e. Rice management: Cultivated wetland rice soils emit significant quantities of methane (Yan et al., 2003). Emissions during the growing season can be reduced by various practices (Yagi et al., 1997; Wassmann et al., 2000; Aulakh et al., 2001). For example, draining wetland rice once or several times during the growing season reduces CH4 emissions (Smith and Conen, 2004; Yan et al., 2003; Khalil and Shearer, 2006). This benefit, however, may be partly offset by increased N2O emissions (Akiyama et al. 2005), and the practice may be constrained by water supply. Rice cultivars with low exudation rates could offer an important methane mitigation option (Aulakh et al., 2001). In the off-rice season, methane emissions can be reduced by improved water management, especially by keeping the soil as dry as possible and avoiding water logging (Cai et al., 2000 2003; Kang et al., 2002; Xu et al., 2003). Increasing rice production can also enhance soil organic carbon stocks (Pan et al., 2006). Methane emissions can be reduced by adjusting the timing of organic residue additions (e.g., incorporating organic materials in the dry period rather than in flooded periods; Xu et al., 2000; Cai and Xu, 2004), by composting the residues before incorporation, or by producing biogas for use as fuel for energy production (Wang and Shangguan, 1996; Wassmann et al., 2000).

f. Agro-forestry: Agro-forestry is the production of livestock or food crops on land that also grows trees for timber, firewood, or other tree products. It includes shelter belts and riparian zones/buffer strips with woody species. The standing stock of carbon above ground is usually higher than the equivalent land use without trees, and planting trees may also increase soil carbon sequestration (Oelbermann et al., 2004; Guo and Gifford, 2002; Mutuo et al., 2005; Paul et al., 2003). But the effects on N2O and CH4 emissions are not well known (Albrecht and Kandji, 2003).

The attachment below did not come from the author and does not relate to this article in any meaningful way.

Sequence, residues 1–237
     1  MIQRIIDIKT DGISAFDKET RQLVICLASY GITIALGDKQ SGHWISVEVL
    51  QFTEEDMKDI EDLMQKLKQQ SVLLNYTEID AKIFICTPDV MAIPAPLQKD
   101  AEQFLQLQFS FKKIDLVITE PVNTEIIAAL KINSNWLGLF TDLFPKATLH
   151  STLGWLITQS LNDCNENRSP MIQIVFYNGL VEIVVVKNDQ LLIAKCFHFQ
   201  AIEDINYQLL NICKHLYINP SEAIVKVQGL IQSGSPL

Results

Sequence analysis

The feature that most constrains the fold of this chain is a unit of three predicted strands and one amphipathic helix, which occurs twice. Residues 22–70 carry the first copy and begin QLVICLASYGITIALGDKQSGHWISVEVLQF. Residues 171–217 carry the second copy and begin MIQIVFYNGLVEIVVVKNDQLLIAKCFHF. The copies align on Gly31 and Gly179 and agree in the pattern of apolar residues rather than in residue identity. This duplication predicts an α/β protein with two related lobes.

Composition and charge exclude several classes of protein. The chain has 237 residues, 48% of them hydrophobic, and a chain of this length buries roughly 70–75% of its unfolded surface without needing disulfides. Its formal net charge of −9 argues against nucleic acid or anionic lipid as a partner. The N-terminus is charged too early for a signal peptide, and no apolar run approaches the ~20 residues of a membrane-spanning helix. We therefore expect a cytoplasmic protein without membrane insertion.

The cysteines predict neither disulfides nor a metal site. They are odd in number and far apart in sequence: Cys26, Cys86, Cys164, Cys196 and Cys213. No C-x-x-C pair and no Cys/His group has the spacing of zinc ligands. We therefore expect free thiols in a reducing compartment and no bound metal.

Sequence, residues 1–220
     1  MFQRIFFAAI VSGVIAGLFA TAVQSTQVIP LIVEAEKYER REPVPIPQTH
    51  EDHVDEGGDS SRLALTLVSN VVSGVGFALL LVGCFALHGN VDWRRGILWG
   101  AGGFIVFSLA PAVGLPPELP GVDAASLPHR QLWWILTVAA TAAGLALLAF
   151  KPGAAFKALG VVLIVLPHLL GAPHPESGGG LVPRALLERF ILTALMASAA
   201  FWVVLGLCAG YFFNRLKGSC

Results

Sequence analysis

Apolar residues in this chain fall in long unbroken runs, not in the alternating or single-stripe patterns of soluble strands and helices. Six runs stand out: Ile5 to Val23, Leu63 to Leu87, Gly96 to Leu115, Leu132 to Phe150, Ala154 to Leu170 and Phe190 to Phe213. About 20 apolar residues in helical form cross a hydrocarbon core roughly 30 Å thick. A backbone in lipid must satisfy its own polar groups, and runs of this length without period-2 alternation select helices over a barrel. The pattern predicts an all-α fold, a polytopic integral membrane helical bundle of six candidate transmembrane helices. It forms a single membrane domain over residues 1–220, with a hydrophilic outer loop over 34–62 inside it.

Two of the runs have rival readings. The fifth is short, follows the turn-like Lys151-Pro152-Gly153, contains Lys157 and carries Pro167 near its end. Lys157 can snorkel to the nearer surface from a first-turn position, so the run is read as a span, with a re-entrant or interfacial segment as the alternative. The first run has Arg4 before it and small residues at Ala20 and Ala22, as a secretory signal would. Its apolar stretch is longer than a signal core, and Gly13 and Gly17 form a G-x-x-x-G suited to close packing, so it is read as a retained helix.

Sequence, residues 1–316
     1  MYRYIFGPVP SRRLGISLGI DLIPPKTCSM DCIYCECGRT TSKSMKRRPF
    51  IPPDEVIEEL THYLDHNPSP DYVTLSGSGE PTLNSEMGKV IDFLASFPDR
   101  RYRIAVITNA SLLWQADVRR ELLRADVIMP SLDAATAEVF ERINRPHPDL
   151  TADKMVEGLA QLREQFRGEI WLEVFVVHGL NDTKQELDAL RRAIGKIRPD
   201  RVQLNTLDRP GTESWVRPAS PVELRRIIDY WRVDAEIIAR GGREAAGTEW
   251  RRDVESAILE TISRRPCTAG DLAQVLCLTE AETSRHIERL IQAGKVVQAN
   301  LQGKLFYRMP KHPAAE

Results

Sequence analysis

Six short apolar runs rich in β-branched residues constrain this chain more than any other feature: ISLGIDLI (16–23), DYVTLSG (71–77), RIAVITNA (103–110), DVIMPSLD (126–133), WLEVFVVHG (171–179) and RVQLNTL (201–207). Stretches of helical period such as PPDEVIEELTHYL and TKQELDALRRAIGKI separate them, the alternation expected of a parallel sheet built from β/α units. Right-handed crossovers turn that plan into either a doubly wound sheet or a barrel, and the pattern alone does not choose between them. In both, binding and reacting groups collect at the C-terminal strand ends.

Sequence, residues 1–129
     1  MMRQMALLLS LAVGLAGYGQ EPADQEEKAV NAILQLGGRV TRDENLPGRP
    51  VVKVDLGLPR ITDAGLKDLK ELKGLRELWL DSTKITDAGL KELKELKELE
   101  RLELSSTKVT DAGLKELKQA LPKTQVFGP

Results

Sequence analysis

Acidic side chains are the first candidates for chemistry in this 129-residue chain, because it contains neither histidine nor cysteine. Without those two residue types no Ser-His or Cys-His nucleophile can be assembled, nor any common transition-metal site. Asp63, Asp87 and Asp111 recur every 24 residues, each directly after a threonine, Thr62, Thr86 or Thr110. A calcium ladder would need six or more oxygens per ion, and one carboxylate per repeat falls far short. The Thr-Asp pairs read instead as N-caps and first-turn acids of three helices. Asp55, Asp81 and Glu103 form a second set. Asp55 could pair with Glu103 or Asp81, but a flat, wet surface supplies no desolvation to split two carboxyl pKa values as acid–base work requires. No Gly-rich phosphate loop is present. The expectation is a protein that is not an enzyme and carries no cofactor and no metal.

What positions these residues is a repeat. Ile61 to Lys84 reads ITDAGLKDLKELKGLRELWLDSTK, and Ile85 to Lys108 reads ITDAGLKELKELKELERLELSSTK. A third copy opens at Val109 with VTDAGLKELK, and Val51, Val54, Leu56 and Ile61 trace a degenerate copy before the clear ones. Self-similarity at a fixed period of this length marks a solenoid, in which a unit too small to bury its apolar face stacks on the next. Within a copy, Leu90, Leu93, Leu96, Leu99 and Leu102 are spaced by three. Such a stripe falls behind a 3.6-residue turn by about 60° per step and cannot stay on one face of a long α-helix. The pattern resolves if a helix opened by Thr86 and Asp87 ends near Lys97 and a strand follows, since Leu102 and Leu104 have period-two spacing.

g. Land cover (use) change: One of the most effective methods of reducing emissions is often to allow or encourage the reversion of cropland to another land cover, typically one similar to the native vegetation. The conversion can occur over the entire land area (‘set-asides’), or in localized spots, such as grassed waterways, field margins, or shelterbelts (Follett, 2001; Freibauer et al., 2004; Lal, 2004b; Falloon et al., 2004; Ogle et al., 2003). Such land cover change often increases carbon storage. For example, converting arable cropland to grassland typically results in the accrual of soil carbon because of lower soil disturbance and reduced carbon removal in harvested products. Compared to cultivated lands, grasslands may also have reduced N2O emissions from lower N inputs, and higher rates of CH4 oxidation, but recovery of oxidation may be slow (Paustian et al., 2004). Similarly, converting drained croplands back to wetlands can result in rapid accumulation of soil carbon (removal of atmospheric CO2). This conversion may stimulate CH4 emissions because water logging creates anaerobic conditions (Paustian et al., 2004). Planting trees can also reduce emissions. These practices are considered under agro-forestry (Section; afforestation (Chapter 9), and reafforestation (Chapter 9). Because land cover (or use) conversion comes at the expense of lost agricultural productivity, it is usually an option only on surplus agricultural land or on croplands of marginal productivity.